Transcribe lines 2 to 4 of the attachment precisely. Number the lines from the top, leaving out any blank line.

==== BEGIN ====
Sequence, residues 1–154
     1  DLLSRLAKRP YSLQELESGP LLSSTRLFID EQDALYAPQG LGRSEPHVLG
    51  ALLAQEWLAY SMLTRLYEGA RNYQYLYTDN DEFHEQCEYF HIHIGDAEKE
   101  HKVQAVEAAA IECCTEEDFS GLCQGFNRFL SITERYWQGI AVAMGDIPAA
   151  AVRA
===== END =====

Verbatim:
     1  DLLSRLAKRP YSLQELESGP LLSSTRLFID EQDALYAPQG LGRSEPHVLG
    51  ALLAQEWLAY SMLTRLYEGA RNYQYLYTDN DEFHEQCEYF HIHIGDAEKE
   101  HKVQAVEAAA IECCTEEDFS GLCQGFNRFL SITERYWQGI AVAMGDIPAA